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On Brains and Transgender Rights (2005)

On Brains and Transgender Rights (2005)

©2005, 2013 by Dallas Denny

Source: Denny, Dallas. (2006, Summer). On brains and transgender rights. Transgender Tapestry, 108, p. 9.






On Brains and Transgender Rights

Dallas Denny


 Ten years ago marked a turning point in transgender activism. Most activists chose to abandon attempts to justify gender-variant behavior on grounds that there is something wrong with us, and to fight for our rights based on the assertion that transgendered people are not defective in any way. The political gains that have resulted have been remarkable. After decades of struggle that resulted in little impact on the political landscape, today fully one-third of Americans are either protected in some degree from discrimination, shielded by hate crime laws, or both.

For decades, transgender activists had sought our rights based on presumptions of deviance—to little avail. It was only when we divorced ourselves from our supposed pathology, only when we changed the ways we looked at ourselves and spoke about ourselves—only when we rid ourselves of our shame– that discourse reached a new level. Dramatic political change soon followed.

Certainly, not all activists have been on board with this change of viewpoint. Some long-term activists were vehemently and vociferously opposed, and remain so. Still, it became more of less the consensus of the transgender community, and we have profited from it.

Theories such as autogynephilia, the psychoanalytic nonsense of Colette Chiland and other psychoanalysts (see the review of Chiland in this issue), and arguments that transgender identity is due to chromosomal makeup, hormonal washes, unsuitable family dynamics, or other prenatal, perinatal, or early childhood causes presume there is something wrong with us—we deviate from “normal” developmental pathways. This word—deviation—when used in the purely scientific sense, has no moral connotations, but we all know that in society, deviation from the norm has an emotional loading that translates into persecution and discrimination. We do well to rid ourselves of this stigma.

Many transgendered people—and for that matter, many gay men and lesbians— direct enormous energy (and sometimes money)  to attempts to explain why we are the way we are. This is a guilt thing: if our hormones made us do it, if our chromosomes are the culprit, if our brains are female, it’s not our fault. We can’t help it. We’re not responsible, it’s our darn female brains. (My apologies to FTMs.)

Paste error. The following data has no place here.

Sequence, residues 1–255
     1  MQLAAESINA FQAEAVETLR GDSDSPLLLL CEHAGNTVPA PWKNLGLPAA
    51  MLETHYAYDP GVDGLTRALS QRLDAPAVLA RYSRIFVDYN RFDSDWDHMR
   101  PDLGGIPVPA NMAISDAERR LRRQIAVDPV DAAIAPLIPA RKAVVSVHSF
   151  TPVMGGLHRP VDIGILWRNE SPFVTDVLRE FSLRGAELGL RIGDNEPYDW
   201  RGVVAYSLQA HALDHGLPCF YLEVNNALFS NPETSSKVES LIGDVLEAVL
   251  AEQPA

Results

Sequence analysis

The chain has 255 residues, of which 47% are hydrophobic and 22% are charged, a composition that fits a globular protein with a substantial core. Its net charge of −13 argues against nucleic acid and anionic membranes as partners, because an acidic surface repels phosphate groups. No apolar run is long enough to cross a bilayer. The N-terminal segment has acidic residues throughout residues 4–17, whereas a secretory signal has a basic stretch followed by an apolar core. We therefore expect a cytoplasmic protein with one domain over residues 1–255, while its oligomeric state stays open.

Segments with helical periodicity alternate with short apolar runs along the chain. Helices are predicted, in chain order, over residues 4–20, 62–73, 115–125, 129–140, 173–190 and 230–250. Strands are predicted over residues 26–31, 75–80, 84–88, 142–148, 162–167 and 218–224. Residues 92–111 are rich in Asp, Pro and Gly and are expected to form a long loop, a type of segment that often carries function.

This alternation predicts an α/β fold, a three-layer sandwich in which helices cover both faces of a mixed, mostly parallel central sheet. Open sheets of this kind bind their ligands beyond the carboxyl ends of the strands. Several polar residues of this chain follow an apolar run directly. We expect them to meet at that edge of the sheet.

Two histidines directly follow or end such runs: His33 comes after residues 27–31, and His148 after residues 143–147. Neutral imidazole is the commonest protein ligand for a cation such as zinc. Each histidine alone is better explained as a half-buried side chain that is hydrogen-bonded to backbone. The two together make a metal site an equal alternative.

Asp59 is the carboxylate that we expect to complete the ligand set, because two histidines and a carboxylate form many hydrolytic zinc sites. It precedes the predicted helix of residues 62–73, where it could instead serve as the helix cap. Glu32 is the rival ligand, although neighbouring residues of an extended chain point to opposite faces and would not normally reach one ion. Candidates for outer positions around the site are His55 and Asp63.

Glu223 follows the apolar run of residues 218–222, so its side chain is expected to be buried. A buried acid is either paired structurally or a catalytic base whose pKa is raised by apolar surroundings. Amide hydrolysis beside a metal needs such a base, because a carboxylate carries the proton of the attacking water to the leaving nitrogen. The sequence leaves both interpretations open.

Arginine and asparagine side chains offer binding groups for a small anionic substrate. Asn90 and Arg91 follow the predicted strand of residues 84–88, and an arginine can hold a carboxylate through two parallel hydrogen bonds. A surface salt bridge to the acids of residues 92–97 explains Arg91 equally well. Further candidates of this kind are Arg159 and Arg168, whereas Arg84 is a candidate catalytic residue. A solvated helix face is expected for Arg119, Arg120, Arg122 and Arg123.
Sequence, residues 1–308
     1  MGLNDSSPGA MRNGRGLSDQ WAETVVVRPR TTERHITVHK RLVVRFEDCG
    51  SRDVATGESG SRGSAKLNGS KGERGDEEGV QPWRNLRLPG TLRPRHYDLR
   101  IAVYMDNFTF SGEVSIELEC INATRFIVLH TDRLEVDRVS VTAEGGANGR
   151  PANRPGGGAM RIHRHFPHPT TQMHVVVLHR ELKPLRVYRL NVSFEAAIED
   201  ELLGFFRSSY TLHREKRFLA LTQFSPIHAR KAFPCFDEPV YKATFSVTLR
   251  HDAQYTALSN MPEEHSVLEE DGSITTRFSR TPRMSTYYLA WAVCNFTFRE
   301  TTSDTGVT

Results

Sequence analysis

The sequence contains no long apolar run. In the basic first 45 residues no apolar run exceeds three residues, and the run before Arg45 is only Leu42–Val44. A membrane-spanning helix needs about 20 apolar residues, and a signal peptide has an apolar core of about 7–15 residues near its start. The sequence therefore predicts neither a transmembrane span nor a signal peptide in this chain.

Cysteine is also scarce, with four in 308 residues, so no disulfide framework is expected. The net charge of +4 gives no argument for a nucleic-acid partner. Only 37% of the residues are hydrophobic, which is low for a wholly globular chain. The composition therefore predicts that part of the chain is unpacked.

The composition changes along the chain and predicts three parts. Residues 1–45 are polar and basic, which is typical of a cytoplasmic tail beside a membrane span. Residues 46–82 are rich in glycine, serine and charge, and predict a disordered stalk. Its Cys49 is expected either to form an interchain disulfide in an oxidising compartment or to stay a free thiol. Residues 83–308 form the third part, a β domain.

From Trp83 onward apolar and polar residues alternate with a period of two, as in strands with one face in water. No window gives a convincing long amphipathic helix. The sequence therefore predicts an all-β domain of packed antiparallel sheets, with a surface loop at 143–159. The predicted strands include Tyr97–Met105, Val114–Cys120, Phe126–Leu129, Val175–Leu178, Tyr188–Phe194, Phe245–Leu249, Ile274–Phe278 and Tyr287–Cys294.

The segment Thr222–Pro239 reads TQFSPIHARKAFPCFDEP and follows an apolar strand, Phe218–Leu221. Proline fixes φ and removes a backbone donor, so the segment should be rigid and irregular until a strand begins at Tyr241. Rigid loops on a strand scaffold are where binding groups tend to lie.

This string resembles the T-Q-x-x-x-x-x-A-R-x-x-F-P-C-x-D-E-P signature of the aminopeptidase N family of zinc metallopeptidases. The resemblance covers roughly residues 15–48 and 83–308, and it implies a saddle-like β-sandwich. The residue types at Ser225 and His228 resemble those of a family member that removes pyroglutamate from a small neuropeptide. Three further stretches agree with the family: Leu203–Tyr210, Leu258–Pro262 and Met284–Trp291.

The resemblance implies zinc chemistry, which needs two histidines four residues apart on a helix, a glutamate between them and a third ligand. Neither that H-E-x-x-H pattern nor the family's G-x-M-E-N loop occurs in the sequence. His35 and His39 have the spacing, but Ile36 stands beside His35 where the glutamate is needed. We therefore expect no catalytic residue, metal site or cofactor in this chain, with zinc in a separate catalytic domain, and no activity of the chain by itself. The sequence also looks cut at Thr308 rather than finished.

Human behavior is complex, with multiple interacting causative factors. Gender variance is no exception. We will probably never know what—if anything—“causes” us to behave as we do. Chances are that biology—genetics and the hormonal state in utero—do play a significant role in gender variance. But chances are we’ll never know or understand just how. And while it’s always laudable to try to figure out what makes the universe run and what makes people tick, we shouldn’t hang our political futures on the unraveling of such complexities.

Despite all the efforts to date, the reasons for transsexualism, for crossdressing, for male homosexuality and lesbianism are not known. The evidence, despite those on both sides of the issue who claim a preponderance of data support them, is equivocal, and is likely to remain so. Building a case for our rights based on this shaky tower of reasoning leaves us in the wind, vulnerable to the next study; if it doesn’t support a biological reason for our differentness, our house of cards will collapse. If a favorable study appears, we can begin to reassemble our cards, but it won’t be long before they are toppled again.

Attempts to justify ourselves to others based on unconvincing biological or psychosocial data will ultimately not serve our common purpose—gaining human and civil rights. If we build a house on the sand, it will not stand. If we build it on rock—and here I am arguing that we must build our rights on the assertion that we are as we are because we are the way we are and causality is of no importance whatsoever—it will make for lasting change.

In the last issue of Tapestry I  wrote about my experience in dealing with thousands of MTF transsexuals and other MTF gender-variant people, myself included, I mentioned that I have observed a number of psychological traits in MTFs that are rare in women, but common in men. Such sex differences are, of course, an area of hot debate in psychology. We could argue about this in these pages for years—but whether we have male or female brains isn’t the real issue. The real issue, and the reason I threw out the gauntlet in Tapestry #107, is that we must rid ourselves of the need to justify ourselves by claiming something “made us do it.” I will leave it to each individual’s conscience to determine how much of their own self-image is rooted in shame, and I will say once again that basing our identities on any form of pathology is shaky ground on which to organize for political change.